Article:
Nasdaq Stocks Making Big Moves on June 26, 2012

By Investopedia Staff | June 26, 2012 AAA

The Nasdaq has risen 0.2%, the S&P 500 is up 0.1% and the Dow is trading down 0.1% this morning. The Nasdaq Composite Index is a capitalization-weighted index, with each company weighted in proportion to its market value.

The biggest movers traded on the NASDAQ so far are:

Company Market Cap Percentage Change
DXP Enterprises, Inc. (Nasdaq:DXPE) $586.1 million -9.9%
Apollo Group (Nasdaq:APOL) $3.92 billion +8.5%
ValueClick Inc (Nasdaq:VCLK) $1.26 billion -8%
Methanex Corporation (USA) (Nasdaq:MEOH) $2.54 billion -5.1%
Volterra Semiconductor Corporation (Nasdaq:VLTR) $626 million -4.7%
Mercadolibre Inc (Nasdaq:MELI) $3.08 billion +4.6%
Sanderson Farms, Inc. (Nasdaq:SAFM) $1.15 billion -4.4%

Broker Summary: TD Ameritrade Thinkorswim

DXP Enterprises (Nasdaq:DXPE) has fallen 9.9% and is currently trading at $37.27 per share. So far today, 203,640 shares have changed hands. Price change alone is not enough to know how a stock is doing. Volume is an important secondary indicator used to confirm trends suggested by price movement. Profit-margin ratios measure how much money a company squeezes from its total revenue or total sales. Investors can look at a company's gross profit margin, operating profit margin and net margin to understand a company's profitability. DXPE's gross profit margin is 29.9%. Investors trying to assess a company's ability to continue to pay its fixed expenses even if its business declines may want to evaluate the operating margin ratio. With an operating profit margin of 7.9%, DXPE has a low one relative to its gross profit margin. Net profit margin is a good ratio for determining how a company is performing. The company's net profit margin is 4.2%.

Valuation ratios include the price to earnings (P/E) ratio, the price to earnings growth (PEG) ratio, the price to sales (P/S) ratio, the price to book (P/B) ratio, and the dividend yield. The price/book value ratio provides a way of evaluating whether a stock is relatively cheap or expensive. DXPE's stock is trading for more than its book value with a P/B ratio of 3.13. This implies that investors expect management to create more value from a given set of assets and/or that the market value of the firm's assets is significantly higher than their accounting value. A weakness of the P/B value ratio is that while the price component is easily determined by looking at the stock quote, the book value component is more difficult to estimate and more open to individual interpretation and analysis. SEE: How Buybacks Warps The Price-To-Book Ratio

After an increase of 8.5%, Apollo (Nasdaq:APOL) has reached a current price of $35.23. At six million shares, the company's volume so far today is 3.1 times the average daily volume. If a stock price makes a big move up or down, volume lets us know the significance of that move. Calculating the profit margin is a great way to gain insight into aspects of how well a company generates and retains money. Instead of measuring how much managers earn from assets, equity or invested capital, profit-margin ratios measure how far a company stretches its total revenue or total sales. The gross profit margin for APOL is 59.9%. The operating margin ratio can vary widely across industries, so investors should focus on comparing companies from similar industries or with similar business models. APOL has an operating profit margin of 11%. While ratios such as price/earnings (P/E) or price/book value look at the relative attractiveness of a stock, the net profit margin ratio focuses on company performance rather that stock market valuation. The company has a net profit margin of 13.4%.

A wide array of ratios can be used by investors to estimate the attractiveness of a potential or existing investment and get an idea of its valuation. The price/earnings ratio is calculated by taking a stock price and dividing it by the earnings-per-share (EPS). The P/E ratio for APOL is 7.4, below the industry average of 16.04. A low P/E ratio may indicate that the market expects relatively slower earnings growth. High P/E stocks could be "growth" stocks, while low PE stocks may be "value" stocks. SEE: Understanding The P/E Ratio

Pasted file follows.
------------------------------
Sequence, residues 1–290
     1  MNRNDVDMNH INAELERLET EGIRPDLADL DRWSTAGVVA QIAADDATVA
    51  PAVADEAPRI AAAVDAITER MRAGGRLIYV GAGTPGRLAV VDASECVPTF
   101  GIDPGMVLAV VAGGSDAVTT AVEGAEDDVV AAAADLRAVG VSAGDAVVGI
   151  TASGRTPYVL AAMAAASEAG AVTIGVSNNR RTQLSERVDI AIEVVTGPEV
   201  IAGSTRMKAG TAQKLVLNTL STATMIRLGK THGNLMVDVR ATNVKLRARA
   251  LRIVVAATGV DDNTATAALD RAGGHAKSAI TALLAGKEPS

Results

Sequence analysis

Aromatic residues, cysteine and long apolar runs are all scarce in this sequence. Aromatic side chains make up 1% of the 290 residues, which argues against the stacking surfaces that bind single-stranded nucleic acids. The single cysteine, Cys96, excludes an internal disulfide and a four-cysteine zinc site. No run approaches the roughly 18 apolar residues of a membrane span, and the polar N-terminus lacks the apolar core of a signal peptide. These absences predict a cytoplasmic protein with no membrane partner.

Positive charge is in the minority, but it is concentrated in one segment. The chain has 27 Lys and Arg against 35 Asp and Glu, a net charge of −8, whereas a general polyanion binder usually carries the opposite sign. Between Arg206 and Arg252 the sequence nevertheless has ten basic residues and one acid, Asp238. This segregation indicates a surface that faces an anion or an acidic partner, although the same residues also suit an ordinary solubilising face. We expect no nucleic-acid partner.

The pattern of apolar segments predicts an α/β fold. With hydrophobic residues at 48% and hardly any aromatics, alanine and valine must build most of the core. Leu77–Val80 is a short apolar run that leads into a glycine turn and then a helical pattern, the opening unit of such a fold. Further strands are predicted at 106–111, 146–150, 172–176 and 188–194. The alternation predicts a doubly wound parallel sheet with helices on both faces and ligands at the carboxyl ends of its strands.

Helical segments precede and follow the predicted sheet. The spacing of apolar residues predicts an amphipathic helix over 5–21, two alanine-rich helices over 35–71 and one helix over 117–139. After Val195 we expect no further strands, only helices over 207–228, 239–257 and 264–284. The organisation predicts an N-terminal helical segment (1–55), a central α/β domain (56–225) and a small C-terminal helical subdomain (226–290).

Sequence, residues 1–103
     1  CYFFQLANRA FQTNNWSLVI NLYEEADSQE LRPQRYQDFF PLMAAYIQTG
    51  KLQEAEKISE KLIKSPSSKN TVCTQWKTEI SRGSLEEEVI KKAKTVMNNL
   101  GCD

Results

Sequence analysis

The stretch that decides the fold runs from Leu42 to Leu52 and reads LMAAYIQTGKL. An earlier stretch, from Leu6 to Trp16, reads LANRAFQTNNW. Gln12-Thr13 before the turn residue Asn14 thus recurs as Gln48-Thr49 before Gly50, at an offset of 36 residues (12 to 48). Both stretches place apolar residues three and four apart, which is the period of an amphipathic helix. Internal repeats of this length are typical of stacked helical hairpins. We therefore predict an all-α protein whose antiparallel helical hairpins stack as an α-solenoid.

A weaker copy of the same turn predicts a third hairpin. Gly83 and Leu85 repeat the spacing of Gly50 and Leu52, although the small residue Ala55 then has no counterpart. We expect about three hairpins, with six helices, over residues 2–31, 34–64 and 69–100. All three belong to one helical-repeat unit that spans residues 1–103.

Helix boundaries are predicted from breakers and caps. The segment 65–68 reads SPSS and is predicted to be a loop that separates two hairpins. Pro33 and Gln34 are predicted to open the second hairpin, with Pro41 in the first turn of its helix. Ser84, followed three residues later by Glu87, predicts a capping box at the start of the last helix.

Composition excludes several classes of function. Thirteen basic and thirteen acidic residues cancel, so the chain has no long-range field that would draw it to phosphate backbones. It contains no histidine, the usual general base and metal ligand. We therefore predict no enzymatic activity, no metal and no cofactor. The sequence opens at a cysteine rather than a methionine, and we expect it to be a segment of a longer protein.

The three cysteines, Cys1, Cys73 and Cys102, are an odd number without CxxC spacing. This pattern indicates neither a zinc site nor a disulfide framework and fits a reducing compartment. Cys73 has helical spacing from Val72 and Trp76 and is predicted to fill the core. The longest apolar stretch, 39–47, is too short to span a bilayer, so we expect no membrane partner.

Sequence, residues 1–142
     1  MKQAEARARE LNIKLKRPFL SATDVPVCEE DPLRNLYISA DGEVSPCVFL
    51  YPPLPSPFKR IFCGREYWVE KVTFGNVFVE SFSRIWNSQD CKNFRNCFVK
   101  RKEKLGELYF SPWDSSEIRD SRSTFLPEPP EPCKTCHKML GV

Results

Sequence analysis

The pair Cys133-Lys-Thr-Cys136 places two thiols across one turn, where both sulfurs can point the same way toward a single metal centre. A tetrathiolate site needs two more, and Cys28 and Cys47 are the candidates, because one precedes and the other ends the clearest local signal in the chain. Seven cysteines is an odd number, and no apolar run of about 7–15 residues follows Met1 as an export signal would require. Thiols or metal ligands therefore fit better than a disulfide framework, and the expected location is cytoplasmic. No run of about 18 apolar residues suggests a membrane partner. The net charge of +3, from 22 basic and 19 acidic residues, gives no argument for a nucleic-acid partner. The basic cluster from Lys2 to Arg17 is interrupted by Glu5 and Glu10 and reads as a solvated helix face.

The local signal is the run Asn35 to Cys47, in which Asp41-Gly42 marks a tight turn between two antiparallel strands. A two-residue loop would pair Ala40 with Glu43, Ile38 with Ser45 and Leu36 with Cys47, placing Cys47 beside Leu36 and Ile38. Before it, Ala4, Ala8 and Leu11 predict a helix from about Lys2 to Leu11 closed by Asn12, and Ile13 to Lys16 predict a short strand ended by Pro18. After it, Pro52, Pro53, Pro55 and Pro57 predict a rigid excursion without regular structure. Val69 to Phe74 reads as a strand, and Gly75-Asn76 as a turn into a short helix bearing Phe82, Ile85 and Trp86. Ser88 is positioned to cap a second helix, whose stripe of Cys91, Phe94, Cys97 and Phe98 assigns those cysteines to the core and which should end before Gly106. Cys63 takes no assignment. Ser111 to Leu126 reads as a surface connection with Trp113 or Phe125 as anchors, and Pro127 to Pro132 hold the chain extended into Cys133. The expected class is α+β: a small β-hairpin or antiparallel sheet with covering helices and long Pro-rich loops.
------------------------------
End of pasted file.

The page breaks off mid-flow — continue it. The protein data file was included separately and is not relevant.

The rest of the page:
At $14.35, ValueClick (Nasdaq:VCLK) has slipped 8%. The company is trading at a volume of 1.8 million shares. Yesterday, volume was only 1.2 million shares. Volume is an important indicator because it indicates how significant a price shift is. Profit-margin ratios can give investors deeper insight into management efficiency than earnings alone can provide. Gross profit margin, operating profit margin and net margin are commonly used margins. VCLK's gross profit margin is 58.1%. Investors in growth stocks or short-term traders may be less interested in the operating margin ratio. Operating profit margin for VCLK is 19.9%. Because the business models of companies vary so widely, it can be difficult to compare net profit margin ratios for companies in different industries. Net margin is 17.7%.

Valuation ratios like the price to earnings (P/E) ratio, the price to earnings growth (PEG) ratio, the price to sales (P/S) ratio, the price to book (P/B) ratio, and the dividend yield are useful in determining how attractive a potential or existing investment is. The price/earnings to growth (PEG) ratio can reveal value what price/earnings (P/E) ratios alone may not so that if a company has a high P/E ratio (an indication that its stock is overpriced) but its earnings are growing very quickly, the PEG ratio may reveal that the company is actually fairly valued, or perhaps even a bargain. PEG ratio for VCLK is 0.76. Because of the adjustment for earnings growth rate, the PEG ratio is somewhat more useful than many formulas for comparing companies in different industries.

Slipping 5.1%, Methanex Corporation (Nasdaq:MEOH) is currently trading at $25.73 per share. So far today, the company's volume is 639,962 shares, 1.7 times the current three-month average. If a stock is trading on low volume, then there is not much interest in the stock. On the other hand, if a stock is trading on high volume, then there is a lot of interest in the stock. Margin analysis is a great way to understand the profitability of companies. MEOH has a low gross profit margin of 19.6%. Investors should track gross profit margin ratios over several years in order to see if earnings are consistent, growing or declining. Compared with its gross profit margin, MEOH's operating profit margin of 8.9% and net profit margin of 7.1% are low.